View animation (Requires Quicktime)
The first 3 hours of tsunami propagation after the 2004 earthquake(Source: USGS)
A decade ago, one of the deadliest natural disasters in history killed more than 230,000 people in 14 countries around the Indian Ocean and caused significant damage in five more. The magnitude 9.1-9.3 megathrust earthquake occurred 250 km south-south-east of Banda Aceh, Indonesia. It shifted the seabed violently by perhaps 10 m horizontally and up to 12 m vertically, rapidly displacing vast amounts of water and unleashing a tsunami of epic proportions.
Tsunami waves of 15-30 m hit the northwest coast of Aceh within minutes. The waves that wrapped around the tip of the island to strike the city of Banda Aceh about 20 minutes after the quake were about 10 m high, and the area's low elevation enabled them to penetrate far inland. Within about two miles of the shore, a third of the city-and a third of its population-disappeared. Other parts of the city, which had largely survived the earthquake, experienced severe damage from flooding.
Devastation near Banda Aceh following the December 26, 2004,tsunami (Source: U.S. Government)
The tsunami changed the island in many ways. Some coastal areas subsided 1-2 m and in others, land disappeared, eroded by waves that deposited debris far inland. Foreign aid has poured into the area, and in an almost exemplary reconstruction, 1,700 schools, nearly 1,000 government buildings, 36 airports and seaports, 3,700km of road and more than 140,000 houses had been built in Aceh by 2010. Banda Aceh now has things it never had before, like preschools and modern drains.
The imperative to focus on recovery ended three decades of fighting between the Indonesian government and the Acehnese independence movement. The economy and society have rebounded, but the tsunami marked many people and places. The tourists now returning to Banda Aceh can visit a Tsunami Museum and several of the vessels washed ashore. About a mile from the shore, 16 m high reinforced concrete tsunami towers punctuate the skyline. Each is designed to provide a safe refuge for 500 people, and has a flat roof that can be used as a helipad for evacuation.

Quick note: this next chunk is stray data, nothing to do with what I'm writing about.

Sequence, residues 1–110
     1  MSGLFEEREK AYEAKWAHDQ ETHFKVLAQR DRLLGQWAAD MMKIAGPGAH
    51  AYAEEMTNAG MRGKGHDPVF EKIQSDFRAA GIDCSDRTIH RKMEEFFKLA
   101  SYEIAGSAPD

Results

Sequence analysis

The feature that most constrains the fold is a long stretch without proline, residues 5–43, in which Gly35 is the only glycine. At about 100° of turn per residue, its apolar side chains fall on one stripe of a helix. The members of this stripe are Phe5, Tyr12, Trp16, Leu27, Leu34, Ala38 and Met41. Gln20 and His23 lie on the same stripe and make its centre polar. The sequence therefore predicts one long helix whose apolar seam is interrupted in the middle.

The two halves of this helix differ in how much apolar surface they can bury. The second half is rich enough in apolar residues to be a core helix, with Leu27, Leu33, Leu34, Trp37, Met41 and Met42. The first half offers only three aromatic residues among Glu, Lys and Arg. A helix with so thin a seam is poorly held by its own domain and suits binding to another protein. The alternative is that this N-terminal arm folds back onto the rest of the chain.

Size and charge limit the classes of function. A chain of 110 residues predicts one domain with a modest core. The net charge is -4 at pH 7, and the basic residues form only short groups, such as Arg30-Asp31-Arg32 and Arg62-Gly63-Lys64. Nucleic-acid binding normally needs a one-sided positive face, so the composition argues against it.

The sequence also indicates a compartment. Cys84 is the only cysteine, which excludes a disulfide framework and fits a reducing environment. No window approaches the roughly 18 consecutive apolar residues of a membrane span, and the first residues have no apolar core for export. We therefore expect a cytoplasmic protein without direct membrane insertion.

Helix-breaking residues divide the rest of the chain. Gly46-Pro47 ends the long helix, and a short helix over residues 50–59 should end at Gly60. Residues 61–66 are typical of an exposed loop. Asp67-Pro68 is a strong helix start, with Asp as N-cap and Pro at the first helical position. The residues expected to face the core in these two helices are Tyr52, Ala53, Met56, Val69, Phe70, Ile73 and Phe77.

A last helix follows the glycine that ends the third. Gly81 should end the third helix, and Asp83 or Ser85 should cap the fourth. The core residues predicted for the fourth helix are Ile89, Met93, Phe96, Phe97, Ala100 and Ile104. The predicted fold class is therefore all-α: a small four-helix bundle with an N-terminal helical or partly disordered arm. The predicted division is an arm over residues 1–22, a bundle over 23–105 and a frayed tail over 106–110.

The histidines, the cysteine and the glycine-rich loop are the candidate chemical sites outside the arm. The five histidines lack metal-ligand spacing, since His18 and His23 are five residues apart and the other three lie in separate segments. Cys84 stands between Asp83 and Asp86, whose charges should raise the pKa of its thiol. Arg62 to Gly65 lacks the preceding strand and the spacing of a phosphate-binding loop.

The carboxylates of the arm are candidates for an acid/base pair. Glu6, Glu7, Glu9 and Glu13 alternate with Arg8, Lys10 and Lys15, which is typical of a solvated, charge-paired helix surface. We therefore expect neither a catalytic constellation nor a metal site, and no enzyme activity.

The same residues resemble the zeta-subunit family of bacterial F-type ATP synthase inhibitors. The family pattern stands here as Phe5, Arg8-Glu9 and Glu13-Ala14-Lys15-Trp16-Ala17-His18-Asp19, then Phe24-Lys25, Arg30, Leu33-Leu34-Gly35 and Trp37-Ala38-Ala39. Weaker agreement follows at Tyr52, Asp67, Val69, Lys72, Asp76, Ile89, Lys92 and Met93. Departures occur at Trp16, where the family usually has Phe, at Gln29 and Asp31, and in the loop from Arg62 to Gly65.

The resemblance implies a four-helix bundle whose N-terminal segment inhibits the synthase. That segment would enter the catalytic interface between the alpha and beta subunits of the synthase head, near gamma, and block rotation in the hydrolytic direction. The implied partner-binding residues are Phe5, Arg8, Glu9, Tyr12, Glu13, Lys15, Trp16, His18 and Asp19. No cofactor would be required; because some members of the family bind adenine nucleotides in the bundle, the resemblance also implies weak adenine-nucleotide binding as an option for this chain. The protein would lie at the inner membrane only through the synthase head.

The Tsunami Museum in Banda Aceh (Source: Si Gam, Wikimedia Commons)
The most important legacy of the tsunami however, is invisible.
The death toll around the Indian Ocean was so high largely because there was no warning, and no escape. The Indian Ocean Tsunami Warning System, an intergovernmental project, was initiated in January 2005 in response to the disaster. Sensor data from 25 seismographic stations and 6 Deep-ocean Assessment and Reporting of Tsunami (DART) buoys is transmitted to the U.S. Pacific Tsunami Warning Center in Hawaii and the Japan Meteorological Agency for processing, and alerts are forwarded to threatened countries.
The system became operational in 2006. When a magnitude 8.4 earthquake struck Banda Aceh in 2012, power failures delayed the sounding of some of the warning sirens-but the Andaman and Nicobar Islands in the Bay of Bengal were alerted within 8 minutes of the quake. No one can stop a tsunami, but advance warning and better knowledge about how to respond to a tsunami threat can save countless lives when the next big one strikes.
For a more in-depth look at how earthquake and tsunami risk has changed in the last ten years, please read this AIR Currents article.